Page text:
DUBAI (Reuters) - A Bahrain court sentenced rights campaigner Nabeel Rajab to two years in jail on Monday, supporters said, for allegedly making “false or malicious” statements about Bahraini authorities.
Authorities at Bahrain's information affairs office could not immediately be reached for comment. Bahrain has repeatedly denied systematic rights abuses.
The Bahrain Institute for Rights and Democracy (BIRD) said Rajab had been unable to attend the trial, having been at an interior ministry hospital since his health deteriorated in April. He was detained a year ago.
"This outrageous sentence against someone speaking the truth exhibits the brutality of the Bahraini government and its heinous crimes and that of its kangaroo court," said Sayed Al-Wadaei, director of advocacy at BIRD.
In a January 2015 media interview cited by the prosecution, according to al-Wadaei, Rajab had said Bahrain's jails housed political prisoners who were subject to torture.
Rajab was a leading figure in a 2011 pro-democracy uprising which Bahrain crushed with the help of fellow Gulf Arab countries.
He was arrested in June last year after tweets from his account suggested that security forces had tortured detainees in a Bahraini prison and during a military campaign in Yemen.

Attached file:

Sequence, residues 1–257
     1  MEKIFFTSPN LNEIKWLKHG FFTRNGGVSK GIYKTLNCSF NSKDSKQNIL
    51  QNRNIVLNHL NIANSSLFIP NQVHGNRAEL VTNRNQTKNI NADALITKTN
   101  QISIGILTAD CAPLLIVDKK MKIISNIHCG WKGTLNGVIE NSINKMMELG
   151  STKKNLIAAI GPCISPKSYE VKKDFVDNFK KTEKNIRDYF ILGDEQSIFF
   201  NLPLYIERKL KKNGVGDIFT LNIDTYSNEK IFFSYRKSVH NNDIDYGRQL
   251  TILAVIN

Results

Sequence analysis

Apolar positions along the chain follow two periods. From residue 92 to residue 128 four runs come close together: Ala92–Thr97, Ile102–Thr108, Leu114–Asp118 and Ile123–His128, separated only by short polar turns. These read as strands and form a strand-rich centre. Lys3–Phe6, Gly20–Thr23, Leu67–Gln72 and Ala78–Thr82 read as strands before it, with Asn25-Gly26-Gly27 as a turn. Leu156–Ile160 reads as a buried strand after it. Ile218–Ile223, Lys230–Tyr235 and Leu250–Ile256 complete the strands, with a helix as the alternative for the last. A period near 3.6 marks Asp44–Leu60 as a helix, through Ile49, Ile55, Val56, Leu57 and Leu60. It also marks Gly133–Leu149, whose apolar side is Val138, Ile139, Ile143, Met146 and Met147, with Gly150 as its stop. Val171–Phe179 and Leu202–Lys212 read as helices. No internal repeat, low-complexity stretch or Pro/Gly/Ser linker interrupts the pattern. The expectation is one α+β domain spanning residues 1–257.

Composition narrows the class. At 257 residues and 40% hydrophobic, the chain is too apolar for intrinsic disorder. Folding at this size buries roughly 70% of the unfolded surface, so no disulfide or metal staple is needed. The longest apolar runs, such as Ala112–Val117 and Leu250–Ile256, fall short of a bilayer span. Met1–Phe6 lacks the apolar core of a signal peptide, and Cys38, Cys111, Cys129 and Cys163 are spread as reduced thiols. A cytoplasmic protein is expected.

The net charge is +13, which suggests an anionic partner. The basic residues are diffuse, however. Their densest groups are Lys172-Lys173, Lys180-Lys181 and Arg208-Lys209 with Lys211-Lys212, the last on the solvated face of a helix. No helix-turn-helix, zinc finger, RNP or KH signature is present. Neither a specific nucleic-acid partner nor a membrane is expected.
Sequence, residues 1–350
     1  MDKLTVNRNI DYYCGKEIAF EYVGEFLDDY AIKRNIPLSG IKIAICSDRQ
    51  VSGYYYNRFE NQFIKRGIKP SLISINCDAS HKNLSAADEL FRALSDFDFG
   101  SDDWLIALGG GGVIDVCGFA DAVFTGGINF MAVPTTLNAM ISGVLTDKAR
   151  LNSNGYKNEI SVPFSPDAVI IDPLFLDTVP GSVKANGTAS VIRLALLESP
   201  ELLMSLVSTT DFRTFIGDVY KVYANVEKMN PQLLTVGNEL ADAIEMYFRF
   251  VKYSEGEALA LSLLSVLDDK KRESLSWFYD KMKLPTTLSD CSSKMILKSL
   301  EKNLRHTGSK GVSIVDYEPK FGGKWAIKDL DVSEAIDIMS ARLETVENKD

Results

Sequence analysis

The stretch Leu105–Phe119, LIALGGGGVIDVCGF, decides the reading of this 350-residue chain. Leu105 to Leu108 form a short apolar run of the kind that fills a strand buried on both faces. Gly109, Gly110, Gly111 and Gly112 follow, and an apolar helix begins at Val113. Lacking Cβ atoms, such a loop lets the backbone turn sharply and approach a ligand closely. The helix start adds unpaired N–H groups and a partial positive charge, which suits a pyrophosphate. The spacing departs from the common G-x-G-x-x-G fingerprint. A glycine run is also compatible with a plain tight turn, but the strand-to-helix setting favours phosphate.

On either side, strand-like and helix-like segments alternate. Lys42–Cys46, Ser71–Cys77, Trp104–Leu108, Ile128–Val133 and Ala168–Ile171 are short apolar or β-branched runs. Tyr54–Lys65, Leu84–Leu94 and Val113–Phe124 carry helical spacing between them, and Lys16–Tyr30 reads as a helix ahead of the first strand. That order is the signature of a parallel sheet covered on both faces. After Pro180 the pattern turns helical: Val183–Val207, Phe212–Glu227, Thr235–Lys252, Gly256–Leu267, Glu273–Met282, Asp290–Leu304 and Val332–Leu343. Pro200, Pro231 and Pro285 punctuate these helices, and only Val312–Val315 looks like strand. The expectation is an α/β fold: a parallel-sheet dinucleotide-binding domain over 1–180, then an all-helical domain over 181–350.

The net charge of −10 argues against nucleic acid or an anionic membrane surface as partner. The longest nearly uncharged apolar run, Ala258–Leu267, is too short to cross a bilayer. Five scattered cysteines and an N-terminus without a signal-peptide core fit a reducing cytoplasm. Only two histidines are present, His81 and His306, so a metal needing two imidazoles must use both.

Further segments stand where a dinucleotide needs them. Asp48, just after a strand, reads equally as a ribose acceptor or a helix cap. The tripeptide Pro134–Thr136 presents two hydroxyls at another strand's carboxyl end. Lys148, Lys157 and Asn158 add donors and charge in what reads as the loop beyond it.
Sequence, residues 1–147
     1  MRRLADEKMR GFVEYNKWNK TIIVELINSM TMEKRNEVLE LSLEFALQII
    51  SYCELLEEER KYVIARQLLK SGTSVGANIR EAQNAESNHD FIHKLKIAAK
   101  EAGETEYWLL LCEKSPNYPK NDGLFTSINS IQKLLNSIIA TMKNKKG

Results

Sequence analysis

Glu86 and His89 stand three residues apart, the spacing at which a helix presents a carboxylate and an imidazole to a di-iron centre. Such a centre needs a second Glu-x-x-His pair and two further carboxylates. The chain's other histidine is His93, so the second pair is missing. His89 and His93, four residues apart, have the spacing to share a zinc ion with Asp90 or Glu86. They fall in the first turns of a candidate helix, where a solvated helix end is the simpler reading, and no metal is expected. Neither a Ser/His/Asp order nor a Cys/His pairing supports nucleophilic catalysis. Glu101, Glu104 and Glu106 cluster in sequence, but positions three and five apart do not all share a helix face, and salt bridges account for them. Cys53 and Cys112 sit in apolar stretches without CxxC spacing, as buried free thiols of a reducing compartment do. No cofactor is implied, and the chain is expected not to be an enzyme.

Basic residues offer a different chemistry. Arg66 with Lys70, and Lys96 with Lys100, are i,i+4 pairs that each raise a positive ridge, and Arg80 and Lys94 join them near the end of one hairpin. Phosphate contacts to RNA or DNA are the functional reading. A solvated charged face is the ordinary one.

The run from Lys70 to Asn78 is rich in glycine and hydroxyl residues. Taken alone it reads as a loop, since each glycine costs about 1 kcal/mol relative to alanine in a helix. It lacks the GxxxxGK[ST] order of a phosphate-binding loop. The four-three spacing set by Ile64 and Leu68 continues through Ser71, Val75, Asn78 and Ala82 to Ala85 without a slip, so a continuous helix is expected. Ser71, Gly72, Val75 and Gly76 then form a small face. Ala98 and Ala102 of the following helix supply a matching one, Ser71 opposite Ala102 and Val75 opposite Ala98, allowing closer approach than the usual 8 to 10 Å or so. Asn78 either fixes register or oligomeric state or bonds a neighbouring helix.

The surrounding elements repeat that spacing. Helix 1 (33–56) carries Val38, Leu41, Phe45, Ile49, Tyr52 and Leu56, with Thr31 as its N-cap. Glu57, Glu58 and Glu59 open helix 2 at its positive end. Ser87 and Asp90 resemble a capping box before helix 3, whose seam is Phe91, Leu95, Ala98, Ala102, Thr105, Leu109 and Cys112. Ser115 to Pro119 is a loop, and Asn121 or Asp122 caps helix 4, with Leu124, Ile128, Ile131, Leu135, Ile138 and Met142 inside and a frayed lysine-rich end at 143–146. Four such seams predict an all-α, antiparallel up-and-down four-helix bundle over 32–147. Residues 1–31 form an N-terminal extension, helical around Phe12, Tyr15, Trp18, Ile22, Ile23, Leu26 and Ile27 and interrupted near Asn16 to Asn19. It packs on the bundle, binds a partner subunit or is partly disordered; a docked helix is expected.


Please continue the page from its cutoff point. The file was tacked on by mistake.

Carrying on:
Amnesty International called Rajab's imprisonment "a flagrant violation of human rights, and an alarming sign that the Bahraini authorities will go to any length to silence criticism".
Human Rights First called the ruling "blatant injustice designed to serve political interests".
Rajab criticized U.S. President Donald Trump in a New York Times column in May for selling arms to his country and to Saudi Arabia, citing their human rights records.
Trump's White House has green-lighted a $5 billion military sale to Bahrain held up by the administration of his predecessor Barrack Obama last year over human rights concerns. The island state is home to the U.S. Navy's Fifth Fleet.
The Sunni-ruled kingdom, most of whose population is Shi'ite, says it faces a threat from neighboring Shi'ite theocracy Iran.
It accuses the Islamic Republic of radicalizing and arming some members of its majority Shi'ite population in an effort to bring about the downfall of the ruling Al Khalifa family.
Tehran denies any meddling in Bahrain.
Rajab faces further charges related to an article he published in the New York Times last year and tweets from his account critical of the intervention in the Yemen war by a Saudi-led coalition.
(Reporting by Sami Aboudi; Editing by Andrew Roche)